Broken arrives on stage in Sydney accompanied by considerable fanfare. It was shortlisted for the 2016 NSW Premier’s Nick Enright Prize for Drama and, in 2014, for the Griffin Theatre Award. And then in January, for her work in creating Broken, playwright Mary Anne Butler received not only the Victorian Premier’s Literary Award for Drama, but also the $100,000 Victorian Prize for Literature – the richest writing prize in the country.
It’s fair, therefore, to say that expectations coming into the play’s premiere at Darlinghurst Theatre’s Eternity Playhouse this week were high. But the production patently demonstrates why, in its early life, the work has found itself the recipient of such prestigious accolades.
Billed as a story of hope and human resilience in the face of adversity, the events in Broken begin at midnight in the Northern Territory’s Central Desert. Ash (Rarriwuy Hick) has been at the wheel of a vehicle involved in a near-fatal crash and remains trapped in that vehicle. Soon, Ham (Ivan Donato) comes to her rescue. In that moment of life and death, an inextricable bond is forged between the pair (a situation apparently common following these kinds of traumatic events). Ash’s and Ham’s is an emotional and physical attachment that could see their worlds collide with ramifications potentially as serious as those of the car accident itself. The significant complication that arises from the bond is that Ham has a partner at home, Mia (Sarah Enright), who has lost an unborn child. She too will be impacted by the harrowing events of the evening.
Butler has crafted a text that’s frequently been described as poetic, and that’s absolutely accurate. It’s a rich script that so vividly suggests characters and events through description that the text immediately takes its rightful place front and centre in the theatrical piece. And it’s for that reason that to make this work all about its dialogue and sound is the best directorial decision for this production. Rather than a piece trying to depict its events in a designed environment that evokes the physical setting, Sophie Fletcher has instead created a sound studio, in which the performers are simultaneously actors and Foley artists, tasked with creating a substantial component of the piece’s soundscape, both through spoken dialogue and their generation of sound effects. It’s a shrewd decision by director Shannon Murphy, ensuring the poetry of Butler’s words is every bit as affecting as it should be. Likely, the experience of attending Broken will remind many of late nights spent in bed, listening to radio plays before drifting off to sleep.
Ensuring the weight of the dialogue isn’t lost in translation are Hick, Donato and Enright, three actors with spectacular speaking voices who deliver each syllable so beautifully that each character, sans a proper visual identity, is wonderfully realised. Even when the text has the potential to confuse, the actors’ delivery ensure it remains skilfully weaved together in such a way that you don’t lose track of unfolding events. Each actor carefully uses a variety of implements (though perhaps not all the tools that they find in front of them) to create rich and varied sound effects for the piece. Adding further to the opulent soundscape are the gentle musical tracks of composer and sound designer, James Brown, helping to ensure moods form with crystal clarity.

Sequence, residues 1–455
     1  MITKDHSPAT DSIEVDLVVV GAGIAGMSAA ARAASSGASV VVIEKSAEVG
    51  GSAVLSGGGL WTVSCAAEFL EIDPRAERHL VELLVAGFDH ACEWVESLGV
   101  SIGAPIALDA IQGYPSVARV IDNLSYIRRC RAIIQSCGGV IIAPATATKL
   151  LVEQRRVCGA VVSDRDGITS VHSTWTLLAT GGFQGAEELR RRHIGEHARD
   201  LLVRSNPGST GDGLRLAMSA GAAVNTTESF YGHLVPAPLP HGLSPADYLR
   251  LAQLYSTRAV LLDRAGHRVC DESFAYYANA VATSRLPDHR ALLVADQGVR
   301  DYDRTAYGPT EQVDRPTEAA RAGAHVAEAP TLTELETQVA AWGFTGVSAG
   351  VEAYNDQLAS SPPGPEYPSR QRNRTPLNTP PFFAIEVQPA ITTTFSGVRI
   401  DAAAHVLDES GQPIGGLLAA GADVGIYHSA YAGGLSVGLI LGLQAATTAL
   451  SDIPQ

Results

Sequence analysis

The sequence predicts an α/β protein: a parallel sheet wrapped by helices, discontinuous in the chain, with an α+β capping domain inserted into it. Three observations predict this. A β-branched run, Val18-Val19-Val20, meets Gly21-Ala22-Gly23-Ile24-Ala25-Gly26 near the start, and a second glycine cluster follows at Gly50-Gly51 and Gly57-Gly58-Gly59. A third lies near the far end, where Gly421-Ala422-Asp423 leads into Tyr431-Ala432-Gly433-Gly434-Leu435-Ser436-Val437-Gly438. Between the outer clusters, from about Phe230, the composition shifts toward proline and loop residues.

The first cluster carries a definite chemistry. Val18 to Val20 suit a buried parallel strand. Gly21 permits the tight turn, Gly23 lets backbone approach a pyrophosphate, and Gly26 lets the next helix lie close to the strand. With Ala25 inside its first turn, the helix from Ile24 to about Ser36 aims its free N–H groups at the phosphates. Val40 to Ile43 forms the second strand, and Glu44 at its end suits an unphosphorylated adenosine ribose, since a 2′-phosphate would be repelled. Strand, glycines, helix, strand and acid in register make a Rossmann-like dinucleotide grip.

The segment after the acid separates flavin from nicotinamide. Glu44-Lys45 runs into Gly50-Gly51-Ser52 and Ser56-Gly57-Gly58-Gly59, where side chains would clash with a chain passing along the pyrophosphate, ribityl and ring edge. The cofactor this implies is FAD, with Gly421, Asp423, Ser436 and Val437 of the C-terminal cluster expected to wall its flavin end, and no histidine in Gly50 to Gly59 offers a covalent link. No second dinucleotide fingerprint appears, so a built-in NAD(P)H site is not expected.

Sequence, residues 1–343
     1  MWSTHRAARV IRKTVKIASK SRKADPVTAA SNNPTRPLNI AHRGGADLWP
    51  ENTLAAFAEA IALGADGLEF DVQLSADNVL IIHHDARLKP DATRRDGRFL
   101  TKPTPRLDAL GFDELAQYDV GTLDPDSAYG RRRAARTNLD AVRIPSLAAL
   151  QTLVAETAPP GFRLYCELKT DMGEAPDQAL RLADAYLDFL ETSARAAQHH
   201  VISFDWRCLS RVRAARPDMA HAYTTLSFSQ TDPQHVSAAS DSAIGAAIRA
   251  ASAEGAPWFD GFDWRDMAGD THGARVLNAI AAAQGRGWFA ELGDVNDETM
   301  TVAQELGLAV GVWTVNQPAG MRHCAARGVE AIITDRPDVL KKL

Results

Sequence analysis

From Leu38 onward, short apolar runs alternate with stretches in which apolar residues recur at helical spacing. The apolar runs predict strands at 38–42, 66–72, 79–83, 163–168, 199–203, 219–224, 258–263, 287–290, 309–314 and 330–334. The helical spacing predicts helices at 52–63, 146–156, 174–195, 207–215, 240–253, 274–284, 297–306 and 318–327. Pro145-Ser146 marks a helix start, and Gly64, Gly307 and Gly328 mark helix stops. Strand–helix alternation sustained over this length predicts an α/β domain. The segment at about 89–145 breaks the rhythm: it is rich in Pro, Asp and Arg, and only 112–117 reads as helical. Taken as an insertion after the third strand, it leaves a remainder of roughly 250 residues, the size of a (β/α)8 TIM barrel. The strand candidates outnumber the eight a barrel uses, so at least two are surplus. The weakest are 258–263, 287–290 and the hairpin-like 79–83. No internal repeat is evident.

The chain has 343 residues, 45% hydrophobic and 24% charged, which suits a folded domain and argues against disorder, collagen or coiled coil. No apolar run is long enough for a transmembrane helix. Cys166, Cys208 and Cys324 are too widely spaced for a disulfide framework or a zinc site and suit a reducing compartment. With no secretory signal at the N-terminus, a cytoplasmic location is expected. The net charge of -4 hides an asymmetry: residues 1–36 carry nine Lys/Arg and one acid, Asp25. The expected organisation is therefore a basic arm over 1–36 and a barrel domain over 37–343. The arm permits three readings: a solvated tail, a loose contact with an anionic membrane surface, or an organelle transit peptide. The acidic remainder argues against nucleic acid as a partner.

Ben Brockman has also done wonderful work in creating the lighting design for Broken. The subtle and unobtrusive use of lights is what makes his work so completely successful. Early on in the piece, as it looks more and more likely that Ash will lose her life following the crash, the lights ever so slowly dim over an extended period. It’s so gradual, in fact, that, as an audience member, you’re so completely oblivious to the dimming until it looks as though Ash will make it through, and you hear her deeply exhale. At that time, strong light suddenly washes across the stage once more. It is a beautiful, impeccably timed moment during which each element of the production syncs spectacularly to wonderful effect.
It’s evident from early on that Murphy has worked painstakingly to give the treatment to Butler’s text that it deserves, to nurture it and to work with her cast and creative colleagues to craft a production unlike anything we’ve seen in Sydney this year. Broken is a gorgeously written and impacting piece that astutely poses questions with which human beings are confronted when they’re unwittingly plunged into the most challenging of situations. This is undeniably powerful theatre.
BROKEN – SEASON DETAILS
Season: Until 28 August
Performance Times: Wed – Sat 8pm, Sun 5pm, Wed matinee 24 Aug at 11am, Sat matinees: 20 & 27 August at 3pm
Duration: Approximately 60mins (no interval)
Ticket Prices: Adult $45/ Conc & Groups $38/ Under 30 (Wed & Thu) & Previews.
*A $2 booking fee applies per ticket for online and phone bookings
Bookings: www.darlinghursttheatre.com or 02 8356 9987 (9.30am-5.30pm weekdays)